Living in Marin, Kane-Dacri has been able to bridge her Chinese heritage with the American culture she was raised in. When was younger, she was able to take Mandarin classes and was a part of the Marin Chinese Cultural Association.

According to Kane-Dacri, her parents have always tried to integrate her into her Chinese heritage and that her adoption has always been “normalized”.

“My parents have always been super open about it with me. I mean, I don’t look like them—my parents are Caucasian,” said Kane-Dacri.

Kane-Dacri said that sometimes she faces negative stereotypes about her adoption.

“I think some people think I have issues or I’m messed up from it because the whole experience people paint out as dramatic,” she said.

According to Kane-Dacri, there can also be the misconception that adopting a child is only an option for couples who are unable to have biological children.

Kane-Dacri explained that her parents were able to have children but chose to adopt her because they wanted to make a difference.

Kane-Dacri said that she sees very few differences between the dynamic of her family and any other. “My love for my parents and how my parents love me is exactly the same as any other kid.”

 

Kali

Sophomore Kali Gibbs laughs alongside her younger brother, Kaden Gibbs.

Sophomore Kali Gibbs laughs alongside her younger brother, Kaden Gibbs.

Even though her family doesn’t share genes, sophomore Kali Gibbs says that her adoption makes her family a lot more grateful for each other.

“It makes everyone more connected,” Gibbs said.

Gibbs was adopted at three years old from Florida along with her biological younger brother, Kaden, who was two.

Gibbs is especially close with Kaden. However, a few months ago her parents broke the news that her and her brother were actually half siblings. Gibbs was suprised that her parents had waited so long to tell her, but has since come to terms with it.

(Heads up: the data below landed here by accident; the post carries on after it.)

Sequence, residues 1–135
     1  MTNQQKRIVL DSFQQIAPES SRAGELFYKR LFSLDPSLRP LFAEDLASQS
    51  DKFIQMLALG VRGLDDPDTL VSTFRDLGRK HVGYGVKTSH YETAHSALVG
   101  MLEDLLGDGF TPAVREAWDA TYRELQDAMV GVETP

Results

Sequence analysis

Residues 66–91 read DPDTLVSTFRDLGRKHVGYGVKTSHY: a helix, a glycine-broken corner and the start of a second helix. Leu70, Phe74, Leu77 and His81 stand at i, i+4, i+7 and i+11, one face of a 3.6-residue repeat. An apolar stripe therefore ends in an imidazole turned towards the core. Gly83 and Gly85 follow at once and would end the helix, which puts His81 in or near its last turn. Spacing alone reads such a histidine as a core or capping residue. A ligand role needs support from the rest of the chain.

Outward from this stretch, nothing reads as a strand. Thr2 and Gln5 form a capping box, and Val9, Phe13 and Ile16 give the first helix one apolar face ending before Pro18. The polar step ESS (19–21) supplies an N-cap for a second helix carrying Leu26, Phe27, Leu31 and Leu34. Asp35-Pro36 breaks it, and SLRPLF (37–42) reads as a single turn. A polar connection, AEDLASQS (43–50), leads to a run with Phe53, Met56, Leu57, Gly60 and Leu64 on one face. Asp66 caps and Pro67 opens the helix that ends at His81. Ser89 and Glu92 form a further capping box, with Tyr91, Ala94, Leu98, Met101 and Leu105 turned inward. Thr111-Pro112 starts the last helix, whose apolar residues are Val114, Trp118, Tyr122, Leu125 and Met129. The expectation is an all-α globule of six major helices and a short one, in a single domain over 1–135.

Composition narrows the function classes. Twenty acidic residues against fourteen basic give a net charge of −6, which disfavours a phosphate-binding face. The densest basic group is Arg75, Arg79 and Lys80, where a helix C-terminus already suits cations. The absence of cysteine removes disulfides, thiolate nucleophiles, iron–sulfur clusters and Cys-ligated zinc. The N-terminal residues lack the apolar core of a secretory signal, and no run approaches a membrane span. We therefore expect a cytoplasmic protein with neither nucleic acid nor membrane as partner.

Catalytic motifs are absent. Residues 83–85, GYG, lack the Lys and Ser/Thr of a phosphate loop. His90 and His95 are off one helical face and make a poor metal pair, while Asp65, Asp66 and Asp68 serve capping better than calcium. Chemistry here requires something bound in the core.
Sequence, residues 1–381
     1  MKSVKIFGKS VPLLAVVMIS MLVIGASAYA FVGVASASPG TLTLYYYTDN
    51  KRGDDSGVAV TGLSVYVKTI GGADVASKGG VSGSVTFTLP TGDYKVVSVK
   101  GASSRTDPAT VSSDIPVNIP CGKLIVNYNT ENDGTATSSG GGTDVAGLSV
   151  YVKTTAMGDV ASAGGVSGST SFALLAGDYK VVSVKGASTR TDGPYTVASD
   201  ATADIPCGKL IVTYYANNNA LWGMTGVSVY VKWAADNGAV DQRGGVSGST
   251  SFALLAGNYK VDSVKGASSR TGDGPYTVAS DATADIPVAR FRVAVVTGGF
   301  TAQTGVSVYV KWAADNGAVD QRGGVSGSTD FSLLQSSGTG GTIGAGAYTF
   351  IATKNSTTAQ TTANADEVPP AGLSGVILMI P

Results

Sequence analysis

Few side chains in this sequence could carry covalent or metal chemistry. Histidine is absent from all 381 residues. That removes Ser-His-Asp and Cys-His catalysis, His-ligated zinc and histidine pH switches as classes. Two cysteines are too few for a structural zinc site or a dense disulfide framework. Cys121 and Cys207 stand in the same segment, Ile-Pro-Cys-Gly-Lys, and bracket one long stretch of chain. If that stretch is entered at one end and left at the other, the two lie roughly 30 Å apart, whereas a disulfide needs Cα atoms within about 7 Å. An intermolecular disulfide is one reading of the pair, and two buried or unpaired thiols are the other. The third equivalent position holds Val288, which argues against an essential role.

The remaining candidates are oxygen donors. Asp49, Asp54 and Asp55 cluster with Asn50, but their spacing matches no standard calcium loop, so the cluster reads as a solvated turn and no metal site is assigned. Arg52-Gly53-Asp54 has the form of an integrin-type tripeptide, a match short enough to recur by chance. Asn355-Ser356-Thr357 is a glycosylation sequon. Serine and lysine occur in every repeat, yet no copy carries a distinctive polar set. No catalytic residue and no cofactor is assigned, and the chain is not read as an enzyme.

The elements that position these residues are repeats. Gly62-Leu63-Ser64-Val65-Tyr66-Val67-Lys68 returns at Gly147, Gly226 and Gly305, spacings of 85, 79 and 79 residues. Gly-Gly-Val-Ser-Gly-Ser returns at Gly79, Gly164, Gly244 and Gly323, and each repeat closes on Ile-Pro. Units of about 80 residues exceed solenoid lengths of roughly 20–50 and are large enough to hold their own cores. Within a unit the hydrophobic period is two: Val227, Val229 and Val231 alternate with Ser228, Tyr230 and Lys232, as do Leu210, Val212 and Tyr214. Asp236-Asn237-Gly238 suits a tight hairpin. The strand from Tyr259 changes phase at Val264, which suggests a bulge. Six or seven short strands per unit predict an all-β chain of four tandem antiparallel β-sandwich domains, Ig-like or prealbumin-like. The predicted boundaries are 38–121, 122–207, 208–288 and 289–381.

“It didn’t really make a difference whether my brother and I were related,” she said. “I think the whole adoption thing made us a lot closer than any other brother and sister I know.”

Because she was adopted when she was a toddler, Gibbs said the details of her adoption and her birth mom are fuzzy.

“We didn’t really know what was happening,” Gibbs said. “My [biological] mom just said, ‘This isn’t the mom you know, but you’ll call her mom too.’”

Since then, Gibbs hasn’t been in contact with her birth mother.

“We both separately moved on,” she said.

While adoption is a sensitive subject with her parents, Gibbs is open to the idea of coming into contact with her birth mother when she is older.

One reason she’d want to meet her birth family, said Gibbs, was to get answers to some of her questions about where her physical and personality traits came from.

“Sometimes it’s frustrating because you want to have answers to these questions but there’s no way to go about finding them out,” Gibbs said. “My parents just don’t have answers to a lot of questions I have.”

According to Dr. Andrea Pinkerton, a psychologist who works with adopted families, the feeling of wanting answers is very common.

“There’s an innate longing for that information,” she said. “There’s a relief with seeing yourself connected with others.”

As far as her adoption goes, Gibbs said that there isn’t anything she would change about it.

“It is what it is. There’s nothing I can do to change it. I can’t say that I’ve ever regretted it at any moment,” Gibbs said.

 

A previous version of this story misstated that Gibbs was mad when her parents informed her that she and her brother were half siblings. In fact, she was just surprised.